Chapters 3 and 4 together address the period from c. 600 to c. 1070, covering the expansion of the church in Wales before, during, and after the Viking invasions and up to the Norman Conquest. Throughout, Lewis discusses the relationships among Britain’s many early medieval churches, exemplified by his concise introduction to the famous Easter controversy (60-64). Importantly, he takes time to disabuse readers of the outdated notion of a primordial Celtic church, noting that this pervasive idea originated with early modern Protestant propaganda and flourished during the nationalistic fervor of the 1800s (65-67). In countering this anachronistic understanding, Lewis is correct to state that “the labels ‘Celtic church’ and ‘Celtic spirituality’ do [early medieval Wales] a disservice” (67).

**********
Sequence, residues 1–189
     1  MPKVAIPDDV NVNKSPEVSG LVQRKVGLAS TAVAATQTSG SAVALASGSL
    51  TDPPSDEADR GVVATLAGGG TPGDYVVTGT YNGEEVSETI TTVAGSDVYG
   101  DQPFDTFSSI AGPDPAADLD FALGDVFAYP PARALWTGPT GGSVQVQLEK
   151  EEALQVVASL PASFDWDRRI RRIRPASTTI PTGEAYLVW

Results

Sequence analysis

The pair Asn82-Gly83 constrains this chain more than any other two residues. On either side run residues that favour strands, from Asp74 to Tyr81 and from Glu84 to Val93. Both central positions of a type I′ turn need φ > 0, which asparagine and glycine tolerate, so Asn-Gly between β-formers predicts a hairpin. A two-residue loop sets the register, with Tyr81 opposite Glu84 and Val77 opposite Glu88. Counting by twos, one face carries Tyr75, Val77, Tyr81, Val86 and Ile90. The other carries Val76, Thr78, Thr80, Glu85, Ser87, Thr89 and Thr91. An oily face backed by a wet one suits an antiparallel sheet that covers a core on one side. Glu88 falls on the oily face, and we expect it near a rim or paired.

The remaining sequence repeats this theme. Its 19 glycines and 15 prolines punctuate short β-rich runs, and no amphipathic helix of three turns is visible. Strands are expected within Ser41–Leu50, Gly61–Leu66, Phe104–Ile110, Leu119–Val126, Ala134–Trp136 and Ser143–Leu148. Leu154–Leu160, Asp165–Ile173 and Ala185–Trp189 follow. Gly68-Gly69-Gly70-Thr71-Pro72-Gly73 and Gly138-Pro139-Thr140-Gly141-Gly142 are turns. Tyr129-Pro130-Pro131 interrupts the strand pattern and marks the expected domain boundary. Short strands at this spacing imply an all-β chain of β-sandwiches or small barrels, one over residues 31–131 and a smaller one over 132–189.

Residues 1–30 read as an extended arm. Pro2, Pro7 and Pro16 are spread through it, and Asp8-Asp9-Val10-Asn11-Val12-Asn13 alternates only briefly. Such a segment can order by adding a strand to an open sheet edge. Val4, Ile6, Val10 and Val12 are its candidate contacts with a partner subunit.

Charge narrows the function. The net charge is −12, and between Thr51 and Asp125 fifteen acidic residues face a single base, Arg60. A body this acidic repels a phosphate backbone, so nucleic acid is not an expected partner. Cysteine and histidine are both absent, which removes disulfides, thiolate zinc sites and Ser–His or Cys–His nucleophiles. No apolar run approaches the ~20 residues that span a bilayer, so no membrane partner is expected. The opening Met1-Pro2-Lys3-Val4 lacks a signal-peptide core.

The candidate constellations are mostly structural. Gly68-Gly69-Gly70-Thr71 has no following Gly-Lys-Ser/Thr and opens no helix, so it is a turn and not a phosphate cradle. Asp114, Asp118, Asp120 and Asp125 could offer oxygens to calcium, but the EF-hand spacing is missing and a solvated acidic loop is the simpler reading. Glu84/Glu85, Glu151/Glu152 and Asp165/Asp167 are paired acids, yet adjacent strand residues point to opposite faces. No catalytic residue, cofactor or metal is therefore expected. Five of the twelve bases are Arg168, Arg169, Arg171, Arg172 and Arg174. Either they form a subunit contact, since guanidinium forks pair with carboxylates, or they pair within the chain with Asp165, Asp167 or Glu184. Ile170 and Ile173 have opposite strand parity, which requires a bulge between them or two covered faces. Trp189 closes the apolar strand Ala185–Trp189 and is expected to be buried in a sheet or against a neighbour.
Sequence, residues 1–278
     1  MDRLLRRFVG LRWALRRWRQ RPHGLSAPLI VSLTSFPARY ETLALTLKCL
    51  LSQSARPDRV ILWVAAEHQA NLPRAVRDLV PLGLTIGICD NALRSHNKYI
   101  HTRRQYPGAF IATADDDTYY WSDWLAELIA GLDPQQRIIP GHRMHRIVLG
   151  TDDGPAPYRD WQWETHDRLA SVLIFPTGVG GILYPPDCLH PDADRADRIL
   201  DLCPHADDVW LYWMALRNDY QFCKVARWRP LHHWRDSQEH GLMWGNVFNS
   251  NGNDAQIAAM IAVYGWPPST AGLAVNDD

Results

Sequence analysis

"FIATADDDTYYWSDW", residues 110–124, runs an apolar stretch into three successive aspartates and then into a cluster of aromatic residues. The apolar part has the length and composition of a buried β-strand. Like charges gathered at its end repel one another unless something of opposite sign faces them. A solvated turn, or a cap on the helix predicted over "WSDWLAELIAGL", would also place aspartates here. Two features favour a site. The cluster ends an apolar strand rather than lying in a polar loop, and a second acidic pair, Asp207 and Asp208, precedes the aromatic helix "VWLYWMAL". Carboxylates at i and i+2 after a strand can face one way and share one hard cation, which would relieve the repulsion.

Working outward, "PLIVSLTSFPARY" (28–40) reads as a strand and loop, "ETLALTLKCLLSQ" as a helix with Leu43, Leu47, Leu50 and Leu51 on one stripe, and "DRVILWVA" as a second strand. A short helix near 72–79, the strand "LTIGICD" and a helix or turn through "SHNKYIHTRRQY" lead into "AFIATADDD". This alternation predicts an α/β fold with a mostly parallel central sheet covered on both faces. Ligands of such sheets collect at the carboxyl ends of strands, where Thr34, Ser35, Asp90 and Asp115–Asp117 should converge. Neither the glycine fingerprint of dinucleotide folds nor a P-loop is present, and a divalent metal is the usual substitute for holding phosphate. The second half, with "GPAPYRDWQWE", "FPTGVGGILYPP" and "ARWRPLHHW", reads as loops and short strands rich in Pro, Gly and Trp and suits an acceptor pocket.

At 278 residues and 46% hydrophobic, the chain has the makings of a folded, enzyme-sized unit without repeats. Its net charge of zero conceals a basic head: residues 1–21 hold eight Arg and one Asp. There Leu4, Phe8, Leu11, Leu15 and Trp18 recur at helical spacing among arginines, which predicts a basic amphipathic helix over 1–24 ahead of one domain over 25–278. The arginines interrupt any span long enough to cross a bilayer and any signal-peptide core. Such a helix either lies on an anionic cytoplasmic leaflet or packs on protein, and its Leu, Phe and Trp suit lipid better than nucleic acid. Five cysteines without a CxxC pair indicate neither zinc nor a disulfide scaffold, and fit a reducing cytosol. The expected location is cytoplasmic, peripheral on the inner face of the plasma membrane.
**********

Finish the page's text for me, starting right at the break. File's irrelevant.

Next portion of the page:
In chapters 5 and 6, Gray picks up the narrative with the Norman Conquest in 1066. Next, she turns to the late 13th century English incursions, before concluding with developments in the church up to around 1420. A significant theme in these chapters is that high and late medieval Wales was neither “on the periphery of western Christendom,” nor was it “a cultural backwater” (100). The region was not merely a passive tabula rasa, and Gray does well to caution readers against simplistic narratives of totalistic Norman (and later English) hegemony in this period.